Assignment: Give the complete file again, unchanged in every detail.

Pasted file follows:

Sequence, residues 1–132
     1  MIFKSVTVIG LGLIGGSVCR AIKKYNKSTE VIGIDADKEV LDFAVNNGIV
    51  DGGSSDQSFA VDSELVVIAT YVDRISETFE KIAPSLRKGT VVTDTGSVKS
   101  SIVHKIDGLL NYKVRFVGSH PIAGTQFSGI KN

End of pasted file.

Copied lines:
Sequence, residues 1–132
     1  MIFKSVTVIG LGLIGGSVCR AIKKYNKSTE VIGIDADKEV LDFAVNNGIV
    51  DGGSSDQSFA VDSELVVIAT YVDRISETFE KIAPSLRKGT VVTDTGSVKS
   101  SIVHKIDGLL NYKVRFVGSH PIAGTQFSGI KN